Mark’s Remarks – Solo Avengers #9 (August 1988)

It all began with my controversial assertion that “Marvel doesn’t revamp its legends – we got them right the first time.” I got a lot of mail about that Mark’s Remark – mostly negative – and thought that if I distinguished between a character’s legend (origin, motivations, and standard mode of operation) and his/her current status quo (his/her present circumstances, and whatever deviations from his/her long-term status quo), the controversy would subside since every series character (Marvel and elsewhere) undergoes status quo changes from time to time to keep things fresh. But no, I’m not off the hook yet. Some readers pointed to recent revelations in Hawkeye’s origin (see SOLO #2) as evidence of sneaky revamping. I replied that enhancement and expansion of murky areas of a character’s origin (e.g., how did an expert swordsman with no skills in archery train the kid who’d become the world’s greatest archer?) did not a revamp make since it did not substantially negate any element of what was established before. Then I brought up the problematic question of Captain America’s origin.

Cap was created in 1940, and his basic origin was chronicled then. When he was revived in 1965 and the origin was retold, a few details were at variance from the original account (e.g., was the scientist who created the Super Soldier formula named Reinstein or Erskine? Where’d these vita-rays come from?) Otherwise, the story was essentially the same. (Later stories accounted for these apparent discrepancies.) But the background of the boy who became Cap was pretty much a blank slate, and fertile ground for exploration,. A subsequent CAP writer (not me) filled in a few details – gave his parents names and occupations and gave him a brother who died at Pearl Harbor. Oops – a problem there. Not that Steve Rogers had an older brother we’d not yet heard about, but having his brother dying on December 7, 1941 played hob with prior accounts of when Steve underwent the Super-Soldier treatment. What to do? A still subsequent CAP writer (not me) “explained away” this background story ingeniously as a false set of memories given Cap by the War Department in the event he was captured and interrogated. Do we have revisionist history here? Yes and no. Certain “facts” previously presented as true were indeed falsified in an effort to restore some semblance of consistency to Cap’s legend. This process, undertaken for the reasons it was, does not constitute a revamp. To me, it would have been a revamp if essential details were altered with no attempt to account for the alteration. In other words, if it was passed off as the way it was all along. Marvel gums up the details sometimes and has to backtrack to make things jibe, but we don’t wave our magic editorial wands and say “This new version of the origin was the way it was all along, and if you have any comics that say otherwise, throw them away because they don’t really exist.” I trust I’ve now beaten this subject into the ground.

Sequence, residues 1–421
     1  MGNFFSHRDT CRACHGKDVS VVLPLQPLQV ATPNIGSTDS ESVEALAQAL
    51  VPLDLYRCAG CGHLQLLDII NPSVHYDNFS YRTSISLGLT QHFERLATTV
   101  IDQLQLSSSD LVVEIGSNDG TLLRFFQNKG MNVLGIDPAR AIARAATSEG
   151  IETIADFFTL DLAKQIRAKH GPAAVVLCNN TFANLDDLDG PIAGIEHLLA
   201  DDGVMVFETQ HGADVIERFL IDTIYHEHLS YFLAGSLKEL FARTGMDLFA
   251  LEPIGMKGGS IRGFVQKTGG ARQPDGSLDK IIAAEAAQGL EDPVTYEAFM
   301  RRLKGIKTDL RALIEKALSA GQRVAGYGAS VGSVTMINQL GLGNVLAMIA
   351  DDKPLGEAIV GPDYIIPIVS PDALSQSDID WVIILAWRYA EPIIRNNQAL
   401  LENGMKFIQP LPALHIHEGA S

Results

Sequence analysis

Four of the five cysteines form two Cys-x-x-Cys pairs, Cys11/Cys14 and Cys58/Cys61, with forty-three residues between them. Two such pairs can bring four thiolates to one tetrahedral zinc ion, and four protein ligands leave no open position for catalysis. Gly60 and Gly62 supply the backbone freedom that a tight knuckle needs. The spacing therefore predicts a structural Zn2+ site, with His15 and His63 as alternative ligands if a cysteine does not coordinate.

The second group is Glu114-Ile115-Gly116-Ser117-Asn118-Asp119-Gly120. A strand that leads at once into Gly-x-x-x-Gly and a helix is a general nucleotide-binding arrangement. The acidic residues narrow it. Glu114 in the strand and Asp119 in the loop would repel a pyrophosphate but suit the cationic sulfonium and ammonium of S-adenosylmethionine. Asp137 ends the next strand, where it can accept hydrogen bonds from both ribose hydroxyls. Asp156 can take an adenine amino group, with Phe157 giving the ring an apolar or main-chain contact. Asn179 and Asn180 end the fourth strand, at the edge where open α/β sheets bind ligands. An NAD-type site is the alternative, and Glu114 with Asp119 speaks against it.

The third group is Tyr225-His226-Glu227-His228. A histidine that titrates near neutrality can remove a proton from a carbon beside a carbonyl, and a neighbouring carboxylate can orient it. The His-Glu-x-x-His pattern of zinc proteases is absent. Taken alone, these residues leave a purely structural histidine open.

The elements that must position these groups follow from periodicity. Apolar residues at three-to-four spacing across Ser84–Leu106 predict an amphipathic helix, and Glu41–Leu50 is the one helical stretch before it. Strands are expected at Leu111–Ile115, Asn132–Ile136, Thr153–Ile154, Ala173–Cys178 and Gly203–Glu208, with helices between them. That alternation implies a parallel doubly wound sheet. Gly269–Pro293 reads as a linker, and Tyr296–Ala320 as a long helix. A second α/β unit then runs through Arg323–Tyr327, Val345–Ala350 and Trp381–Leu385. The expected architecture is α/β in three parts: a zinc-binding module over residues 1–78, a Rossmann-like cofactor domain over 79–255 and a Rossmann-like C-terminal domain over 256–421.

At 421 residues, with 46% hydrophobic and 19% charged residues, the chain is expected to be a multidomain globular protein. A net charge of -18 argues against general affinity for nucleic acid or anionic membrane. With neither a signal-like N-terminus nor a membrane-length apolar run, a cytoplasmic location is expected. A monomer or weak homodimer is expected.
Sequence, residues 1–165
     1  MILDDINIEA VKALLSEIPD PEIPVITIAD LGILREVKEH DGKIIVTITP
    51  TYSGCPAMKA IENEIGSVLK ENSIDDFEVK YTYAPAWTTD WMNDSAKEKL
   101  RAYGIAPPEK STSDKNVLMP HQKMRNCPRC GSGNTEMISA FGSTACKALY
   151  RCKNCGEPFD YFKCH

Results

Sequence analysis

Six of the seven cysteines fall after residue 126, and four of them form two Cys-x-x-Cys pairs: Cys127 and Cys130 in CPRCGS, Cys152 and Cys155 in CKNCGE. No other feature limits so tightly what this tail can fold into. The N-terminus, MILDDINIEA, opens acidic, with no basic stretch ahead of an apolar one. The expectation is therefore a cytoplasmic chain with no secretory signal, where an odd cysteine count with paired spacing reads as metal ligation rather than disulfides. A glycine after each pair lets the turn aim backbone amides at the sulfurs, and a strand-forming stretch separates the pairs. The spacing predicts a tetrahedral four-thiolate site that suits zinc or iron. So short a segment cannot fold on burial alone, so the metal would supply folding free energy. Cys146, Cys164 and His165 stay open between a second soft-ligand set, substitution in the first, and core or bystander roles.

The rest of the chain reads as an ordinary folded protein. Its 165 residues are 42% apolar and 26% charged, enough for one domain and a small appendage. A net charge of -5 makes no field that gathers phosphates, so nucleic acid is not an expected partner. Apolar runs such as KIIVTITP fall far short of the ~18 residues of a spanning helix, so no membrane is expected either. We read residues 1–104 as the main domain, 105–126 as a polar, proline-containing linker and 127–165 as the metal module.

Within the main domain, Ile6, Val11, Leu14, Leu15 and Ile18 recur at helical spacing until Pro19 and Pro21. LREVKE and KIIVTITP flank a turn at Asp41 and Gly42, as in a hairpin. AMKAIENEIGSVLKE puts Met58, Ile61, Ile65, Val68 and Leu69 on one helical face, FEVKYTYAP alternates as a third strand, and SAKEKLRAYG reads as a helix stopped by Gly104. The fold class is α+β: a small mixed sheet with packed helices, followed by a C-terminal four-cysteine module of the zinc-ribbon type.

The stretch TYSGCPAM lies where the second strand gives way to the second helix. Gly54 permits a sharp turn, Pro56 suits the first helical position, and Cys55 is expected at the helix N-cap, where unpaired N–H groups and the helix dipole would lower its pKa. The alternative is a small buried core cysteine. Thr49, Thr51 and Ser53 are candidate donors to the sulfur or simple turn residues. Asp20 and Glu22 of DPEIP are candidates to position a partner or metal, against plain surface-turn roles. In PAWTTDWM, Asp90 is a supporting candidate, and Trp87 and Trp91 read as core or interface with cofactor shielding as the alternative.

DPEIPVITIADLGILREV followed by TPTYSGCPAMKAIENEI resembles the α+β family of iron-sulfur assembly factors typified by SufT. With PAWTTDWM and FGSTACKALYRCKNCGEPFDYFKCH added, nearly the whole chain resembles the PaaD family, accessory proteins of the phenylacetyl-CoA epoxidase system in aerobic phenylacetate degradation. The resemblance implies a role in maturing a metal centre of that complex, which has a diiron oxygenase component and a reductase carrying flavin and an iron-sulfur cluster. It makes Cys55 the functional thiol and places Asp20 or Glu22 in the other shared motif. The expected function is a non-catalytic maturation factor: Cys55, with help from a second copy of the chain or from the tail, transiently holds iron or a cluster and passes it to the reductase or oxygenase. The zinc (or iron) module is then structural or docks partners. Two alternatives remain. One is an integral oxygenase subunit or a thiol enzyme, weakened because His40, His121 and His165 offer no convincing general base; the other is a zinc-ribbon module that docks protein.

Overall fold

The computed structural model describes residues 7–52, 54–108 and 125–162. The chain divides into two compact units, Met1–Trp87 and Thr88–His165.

–Mark Gruenwald